What's the status of Houston's housing market?

March 16, 2011 4:20:15 PM PDT
A new report shows that median home prices in Houston rose to the highest levels ever recorded in the month of February. So why is Houston bucking the national trend?

It's sort of a mixed bag when you look at the new numbers. The single family median sales price is 3.9 percent, but sales were slightly down. And as we head in to peak buying season, experts wonder how high gas prices factor in.

The signs are in the yards and realtors are making showings, but the greater Houston area housing market is still waiting to take off.

Comparing February of 2010 to February of this year, prices are up but fewer homes were sold. However, real estate brokers say last year's federal tax credit -- offered from February to April -- helped provide an artificial boost.

"We see those numbers returning to more of a normal market. Losing the tax credit had a huge impact on those numbers to date," said Kenya Burrell with Burell Holtzapple Neal Properties.

Home sales are down 4.2 percent, but the average prices jumped 6.6 percent. However, a new wildcard is entering the market as the peak home buying season begins. Gas prices are nearing $4.

Serious buyers will keep searching amid high gas prices, but first time home buyers stretching their budgets may hold off.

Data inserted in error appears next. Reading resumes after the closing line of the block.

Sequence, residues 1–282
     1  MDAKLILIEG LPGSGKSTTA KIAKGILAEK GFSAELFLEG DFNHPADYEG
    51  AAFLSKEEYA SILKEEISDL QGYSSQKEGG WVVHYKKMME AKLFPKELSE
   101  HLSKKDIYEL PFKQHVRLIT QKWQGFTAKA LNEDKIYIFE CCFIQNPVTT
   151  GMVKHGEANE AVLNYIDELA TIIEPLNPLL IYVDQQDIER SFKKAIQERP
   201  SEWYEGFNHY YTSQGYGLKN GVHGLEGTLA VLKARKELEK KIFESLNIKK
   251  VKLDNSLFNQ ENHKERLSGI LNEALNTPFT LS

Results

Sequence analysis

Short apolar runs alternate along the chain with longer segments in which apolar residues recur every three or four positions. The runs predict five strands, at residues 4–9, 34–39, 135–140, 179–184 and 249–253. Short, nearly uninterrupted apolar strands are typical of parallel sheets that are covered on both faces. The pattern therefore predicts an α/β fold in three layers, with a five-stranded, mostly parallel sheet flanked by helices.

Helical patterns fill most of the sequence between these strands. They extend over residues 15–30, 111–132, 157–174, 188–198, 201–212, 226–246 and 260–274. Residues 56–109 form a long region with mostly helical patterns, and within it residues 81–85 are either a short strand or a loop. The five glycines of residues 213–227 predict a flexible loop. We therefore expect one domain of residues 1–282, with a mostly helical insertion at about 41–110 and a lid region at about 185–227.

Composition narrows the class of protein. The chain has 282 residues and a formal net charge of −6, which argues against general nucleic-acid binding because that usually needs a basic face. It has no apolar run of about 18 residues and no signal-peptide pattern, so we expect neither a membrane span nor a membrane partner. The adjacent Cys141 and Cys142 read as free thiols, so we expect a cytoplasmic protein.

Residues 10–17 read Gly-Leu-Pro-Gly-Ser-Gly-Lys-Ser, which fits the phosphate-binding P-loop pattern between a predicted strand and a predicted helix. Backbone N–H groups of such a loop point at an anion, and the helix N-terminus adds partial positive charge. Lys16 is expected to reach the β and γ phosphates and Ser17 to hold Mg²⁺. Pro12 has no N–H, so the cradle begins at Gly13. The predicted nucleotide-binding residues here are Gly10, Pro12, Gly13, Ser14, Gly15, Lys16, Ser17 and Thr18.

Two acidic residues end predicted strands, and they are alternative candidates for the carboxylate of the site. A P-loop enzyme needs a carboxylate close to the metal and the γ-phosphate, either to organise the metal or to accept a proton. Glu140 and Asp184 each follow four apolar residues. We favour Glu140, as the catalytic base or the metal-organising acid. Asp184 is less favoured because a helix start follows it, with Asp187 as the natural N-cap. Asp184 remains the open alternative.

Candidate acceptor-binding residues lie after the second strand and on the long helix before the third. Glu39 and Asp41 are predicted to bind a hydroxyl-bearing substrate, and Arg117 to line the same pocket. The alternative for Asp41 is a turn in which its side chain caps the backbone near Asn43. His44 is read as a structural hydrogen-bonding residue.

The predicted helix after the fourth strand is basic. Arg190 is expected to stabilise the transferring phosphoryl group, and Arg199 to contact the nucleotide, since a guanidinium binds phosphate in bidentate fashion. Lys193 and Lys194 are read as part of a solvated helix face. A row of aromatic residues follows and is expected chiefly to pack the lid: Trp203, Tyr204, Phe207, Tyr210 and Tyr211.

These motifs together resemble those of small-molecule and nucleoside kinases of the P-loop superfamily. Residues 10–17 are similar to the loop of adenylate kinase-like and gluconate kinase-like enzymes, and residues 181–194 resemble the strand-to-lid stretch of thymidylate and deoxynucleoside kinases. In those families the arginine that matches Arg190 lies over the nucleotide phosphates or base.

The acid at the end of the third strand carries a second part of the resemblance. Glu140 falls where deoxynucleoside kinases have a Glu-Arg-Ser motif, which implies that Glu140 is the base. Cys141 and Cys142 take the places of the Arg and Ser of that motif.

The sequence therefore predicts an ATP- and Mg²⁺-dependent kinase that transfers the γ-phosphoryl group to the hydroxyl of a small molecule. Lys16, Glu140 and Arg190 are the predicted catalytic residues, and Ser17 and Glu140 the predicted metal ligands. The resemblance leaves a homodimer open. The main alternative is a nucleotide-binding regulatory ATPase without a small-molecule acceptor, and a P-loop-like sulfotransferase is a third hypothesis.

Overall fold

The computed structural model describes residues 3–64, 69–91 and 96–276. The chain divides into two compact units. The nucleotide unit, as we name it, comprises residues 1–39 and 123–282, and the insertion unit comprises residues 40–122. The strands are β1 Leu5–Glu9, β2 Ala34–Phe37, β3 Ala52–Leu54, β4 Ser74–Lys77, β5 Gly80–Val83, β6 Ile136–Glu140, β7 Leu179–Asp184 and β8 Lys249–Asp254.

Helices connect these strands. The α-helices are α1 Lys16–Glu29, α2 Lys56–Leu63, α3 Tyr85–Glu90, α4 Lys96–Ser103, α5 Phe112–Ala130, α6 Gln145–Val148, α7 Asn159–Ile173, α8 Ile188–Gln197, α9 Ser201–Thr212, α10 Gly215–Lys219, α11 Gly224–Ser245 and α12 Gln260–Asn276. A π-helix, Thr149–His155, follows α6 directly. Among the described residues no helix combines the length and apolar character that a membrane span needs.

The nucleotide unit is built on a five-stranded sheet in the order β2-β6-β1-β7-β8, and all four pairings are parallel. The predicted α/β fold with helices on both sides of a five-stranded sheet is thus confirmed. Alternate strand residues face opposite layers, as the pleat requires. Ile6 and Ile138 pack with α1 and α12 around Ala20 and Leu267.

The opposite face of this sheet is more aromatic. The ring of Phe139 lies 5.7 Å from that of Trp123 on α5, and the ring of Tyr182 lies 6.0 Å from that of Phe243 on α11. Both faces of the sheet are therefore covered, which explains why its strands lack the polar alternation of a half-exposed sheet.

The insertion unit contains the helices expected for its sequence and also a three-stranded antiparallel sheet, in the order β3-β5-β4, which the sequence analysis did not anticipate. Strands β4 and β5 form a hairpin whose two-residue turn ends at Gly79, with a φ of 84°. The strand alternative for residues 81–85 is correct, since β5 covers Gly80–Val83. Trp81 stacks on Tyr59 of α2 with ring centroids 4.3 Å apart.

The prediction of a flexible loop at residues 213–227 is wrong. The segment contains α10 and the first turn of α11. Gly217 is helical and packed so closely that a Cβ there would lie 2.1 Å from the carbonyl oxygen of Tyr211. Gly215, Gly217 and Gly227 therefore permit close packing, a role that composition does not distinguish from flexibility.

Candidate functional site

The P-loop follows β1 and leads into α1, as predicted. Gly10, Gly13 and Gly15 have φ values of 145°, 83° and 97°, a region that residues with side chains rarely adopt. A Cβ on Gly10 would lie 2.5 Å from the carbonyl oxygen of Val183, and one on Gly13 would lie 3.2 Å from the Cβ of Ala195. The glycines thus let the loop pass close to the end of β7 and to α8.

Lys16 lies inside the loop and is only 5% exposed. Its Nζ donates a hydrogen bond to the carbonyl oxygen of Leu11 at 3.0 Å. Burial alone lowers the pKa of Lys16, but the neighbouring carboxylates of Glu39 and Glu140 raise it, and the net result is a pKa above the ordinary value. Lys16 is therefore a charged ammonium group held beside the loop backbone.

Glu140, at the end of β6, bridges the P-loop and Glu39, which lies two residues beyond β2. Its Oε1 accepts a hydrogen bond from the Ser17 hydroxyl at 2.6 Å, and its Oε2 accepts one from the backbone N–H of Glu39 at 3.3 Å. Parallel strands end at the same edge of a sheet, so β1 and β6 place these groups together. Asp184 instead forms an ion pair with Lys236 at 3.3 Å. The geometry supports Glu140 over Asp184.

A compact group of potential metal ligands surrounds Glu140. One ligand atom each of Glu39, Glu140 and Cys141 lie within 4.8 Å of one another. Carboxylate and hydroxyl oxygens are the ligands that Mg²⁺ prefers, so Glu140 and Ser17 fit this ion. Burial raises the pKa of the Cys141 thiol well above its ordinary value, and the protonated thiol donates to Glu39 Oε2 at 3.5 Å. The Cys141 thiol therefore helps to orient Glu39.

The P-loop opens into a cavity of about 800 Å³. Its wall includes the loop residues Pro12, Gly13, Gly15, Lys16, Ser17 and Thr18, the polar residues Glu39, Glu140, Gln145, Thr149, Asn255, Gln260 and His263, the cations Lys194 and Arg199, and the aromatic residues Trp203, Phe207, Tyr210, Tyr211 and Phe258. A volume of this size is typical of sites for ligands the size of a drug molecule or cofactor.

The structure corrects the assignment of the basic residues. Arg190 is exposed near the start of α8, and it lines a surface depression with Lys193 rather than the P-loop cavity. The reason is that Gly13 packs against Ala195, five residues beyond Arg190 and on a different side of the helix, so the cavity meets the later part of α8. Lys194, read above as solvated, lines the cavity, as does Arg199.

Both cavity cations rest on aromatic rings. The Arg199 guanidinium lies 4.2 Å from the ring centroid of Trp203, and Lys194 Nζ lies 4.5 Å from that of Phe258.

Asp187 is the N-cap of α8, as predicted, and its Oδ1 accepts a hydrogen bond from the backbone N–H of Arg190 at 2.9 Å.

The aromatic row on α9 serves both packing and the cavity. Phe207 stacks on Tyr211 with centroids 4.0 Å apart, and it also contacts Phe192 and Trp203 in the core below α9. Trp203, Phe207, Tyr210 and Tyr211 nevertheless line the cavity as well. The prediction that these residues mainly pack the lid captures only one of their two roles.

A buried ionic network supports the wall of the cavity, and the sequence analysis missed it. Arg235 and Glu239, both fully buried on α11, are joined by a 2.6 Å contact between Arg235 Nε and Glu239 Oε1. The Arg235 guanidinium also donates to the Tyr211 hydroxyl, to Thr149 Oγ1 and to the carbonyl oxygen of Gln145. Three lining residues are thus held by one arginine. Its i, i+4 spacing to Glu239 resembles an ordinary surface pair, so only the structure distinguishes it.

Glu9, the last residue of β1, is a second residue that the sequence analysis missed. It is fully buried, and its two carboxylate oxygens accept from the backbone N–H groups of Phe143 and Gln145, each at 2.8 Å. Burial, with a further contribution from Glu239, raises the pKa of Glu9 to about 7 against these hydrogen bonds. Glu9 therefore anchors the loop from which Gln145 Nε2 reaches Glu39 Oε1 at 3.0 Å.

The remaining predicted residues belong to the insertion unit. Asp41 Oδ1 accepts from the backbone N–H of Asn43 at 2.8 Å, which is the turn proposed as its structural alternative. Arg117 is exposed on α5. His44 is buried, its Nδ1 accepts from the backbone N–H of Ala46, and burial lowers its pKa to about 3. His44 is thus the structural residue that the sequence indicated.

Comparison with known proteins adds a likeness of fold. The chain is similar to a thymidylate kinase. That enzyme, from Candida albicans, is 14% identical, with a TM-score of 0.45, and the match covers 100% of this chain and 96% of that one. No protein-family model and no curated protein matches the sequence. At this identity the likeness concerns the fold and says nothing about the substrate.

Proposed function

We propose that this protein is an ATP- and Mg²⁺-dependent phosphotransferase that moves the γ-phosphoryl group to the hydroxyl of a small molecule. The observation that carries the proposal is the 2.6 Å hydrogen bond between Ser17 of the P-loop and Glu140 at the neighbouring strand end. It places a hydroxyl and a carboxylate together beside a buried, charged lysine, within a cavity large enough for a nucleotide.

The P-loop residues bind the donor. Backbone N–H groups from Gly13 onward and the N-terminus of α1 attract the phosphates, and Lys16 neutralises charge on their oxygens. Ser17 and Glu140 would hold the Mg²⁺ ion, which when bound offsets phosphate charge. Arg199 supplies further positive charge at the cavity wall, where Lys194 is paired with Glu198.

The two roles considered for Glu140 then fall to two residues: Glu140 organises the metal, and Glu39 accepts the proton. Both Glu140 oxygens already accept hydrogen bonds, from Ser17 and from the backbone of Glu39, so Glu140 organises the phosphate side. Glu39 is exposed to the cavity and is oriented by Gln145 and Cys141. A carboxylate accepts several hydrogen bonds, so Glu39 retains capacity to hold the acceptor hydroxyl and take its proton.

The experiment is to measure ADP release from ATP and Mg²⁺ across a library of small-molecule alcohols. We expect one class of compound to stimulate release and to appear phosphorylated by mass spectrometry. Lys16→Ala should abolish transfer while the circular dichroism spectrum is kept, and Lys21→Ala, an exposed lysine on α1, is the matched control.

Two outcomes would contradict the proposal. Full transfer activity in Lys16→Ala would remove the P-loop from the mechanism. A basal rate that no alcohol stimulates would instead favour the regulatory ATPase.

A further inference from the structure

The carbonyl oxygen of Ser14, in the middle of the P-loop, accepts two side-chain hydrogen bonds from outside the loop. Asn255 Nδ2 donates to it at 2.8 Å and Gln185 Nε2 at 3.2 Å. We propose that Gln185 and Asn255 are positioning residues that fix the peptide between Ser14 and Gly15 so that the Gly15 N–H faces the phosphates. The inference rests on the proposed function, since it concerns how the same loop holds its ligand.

"Is it going to hit four dollars again? Probably. Is that going to affect what people are going to looking for? It probably will," H.A.R Vice Chairman Danny Frank said.

Yet, real estate experts see another bright spot in the greater Houston area.

According to the Texas Work Force Commission's latest numbers, people are finding work in the Houston- Sugarland-Baytown area.

From January of 2010 to January of 2011, 56,600 jobs were added.

"At this time with the strong economy in Houston, we are definitely seeing transfers from out of state, as well as from out of the country coming into Houston with employment," Burell said.

Brokers also lament, in terms of pricing and low interest rates, it's a buyers' market.

"You might not make as much today as you made three or four years ago. That's true. But you can now buy more house for that same dollar," Frank said.

Experts say another strong sign was that homes ranging from $250,000-500,000 rose more than 10 percent.